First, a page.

Romney Ends Up With Five States on Super Tuesday, Including (Eventually) Ohio -- But Santorum Takes Three

Posted by Chris Geidner
March 6, 2012 9:10 PM |

SuperTuesday.jpg[Image: Ten states were up for grabs on Super Tuesday 2012. (Illustration by Aram Vartian.)]

With former Massachusetts Gov. Mitt Romney (R) winning primary races in the Massachusetts, Vermont and Virginia early in the evening, by 9 p.m., his three wins put him in the lead for the Super Tuesday night, a day when he was likely to take the most delegates.

Romney.jpgTennessee and Oklahoma primaries went to former Pennsylania Sen. Rick Santorum (R), while former House Speaker Newt Gingrich (R) only won his home state of Georgia. The Tennessee race was talked about as a possible way for Romney to cut off Santorum's continued challenge, but Santorum ended up taking the state handily.

The Ohio primary, seen as the key race of the night, was too close to call an hour and a half after the polls closed in the Buckeye state at 7:30 p.m., with Santorum with a slight lead.

The remaining three contests -- Alaska, Idaho and North Dakota cacuses -- remain ongoing.

UPDATE @ 10:45P: Santorum is projected to win the North Dakota caucuses. Ohio is still too close to call, with more than 80 percent of the vote reporting -- but Santorum's lead is tightening.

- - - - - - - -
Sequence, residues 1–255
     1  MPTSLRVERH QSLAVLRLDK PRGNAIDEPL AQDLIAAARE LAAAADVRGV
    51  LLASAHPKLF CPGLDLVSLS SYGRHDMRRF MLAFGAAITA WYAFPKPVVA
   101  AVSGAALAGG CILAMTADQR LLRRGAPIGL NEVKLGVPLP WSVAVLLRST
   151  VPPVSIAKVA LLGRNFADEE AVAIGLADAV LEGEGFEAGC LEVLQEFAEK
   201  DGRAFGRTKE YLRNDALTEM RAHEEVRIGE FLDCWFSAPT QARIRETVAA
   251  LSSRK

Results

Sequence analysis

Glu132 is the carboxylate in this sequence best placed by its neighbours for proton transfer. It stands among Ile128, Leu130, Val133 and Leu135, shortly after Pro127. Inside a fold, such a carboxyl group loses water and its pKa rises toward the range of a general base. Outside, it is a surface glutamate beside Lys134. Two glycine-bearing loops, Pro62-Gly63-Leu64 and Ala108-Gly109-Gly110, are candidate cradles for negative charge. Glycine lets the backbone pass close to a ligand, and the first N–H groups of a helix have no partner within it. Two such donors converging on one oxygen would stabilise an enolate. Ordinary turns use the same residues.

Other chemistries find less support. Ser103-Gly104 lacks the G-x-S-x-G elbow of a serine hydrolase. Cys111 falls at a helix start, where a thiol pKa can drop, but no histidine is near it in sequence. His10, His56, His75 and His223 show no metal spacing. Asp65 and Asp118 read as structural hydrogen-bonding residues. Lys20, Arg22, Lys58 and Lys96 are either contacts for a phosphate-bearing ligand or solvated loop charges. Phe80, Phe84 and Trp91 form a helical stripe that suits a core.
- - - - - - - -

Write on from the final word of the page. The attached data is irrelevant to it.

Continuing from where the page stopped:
UPDATE @ 11P: For the first time in the night, Romney takes the lead in Ohio vote count. Idaho is counting, and Alaska caucuses close at midnight Eastern Time.

UPDATE @ 11:15P: Romney, per CNN, also took the Idaho caucus.

UPDATE @ 12:30A MARCH 7: The Associated Press calls Ohio for Romney.

In a statement about the night's results, GOProud executive director Jimmy LaSalvia said, "Tonight, Governor Mitt Romney has won the lion’s share of delegates at stake. This is a big night for Governor Romney and all but guarantees that Romney will be the eventual nominee of the Republican Party."

He continued: "Obviously this process is technically not over. Despite the large delegate lead enjoyed by Governor Romney, other candidates in the field have made it clear that they intend to continue on. The question that Republicans, and conservatives in particular, must begin to ask themselves is whether continuing this process is in the best interest of our movement, the party and -- most importantly -- our country."

Jerame Davis, executive director of National Stonewall Democrats, countered in a statement, saying, "As the results from the Super Tuesday elections continue to roll in, one thing is certain: While Republican voters are indecisively trying to choose between the worst of candidates, Democrats can rest assured that they are the big winners again tonight.

"With a field of nincompoops and homophobes running on the GOP ticket, President Obama clearly will be the best candidate on the ballot in November," Davis continued. "His commitment to equality -- LGBT and otherwise -- has been obvious throughout his first term in office, but there's plenty of work left to do that only an Obama White House will accomplish."

LaSalvia, however, said, "President Obama has made it clear that he plans on doubling down on his failed policies. Obama and the left are fanning the flames of the culture wars in an attempt to distract Americans from the abject failure of this President to create jobs and grow our economy. To focus on the issues that Americans most care about and to defeat Obama we will need unity in the conservative movement and in the Republican Party and that unity must come soon."


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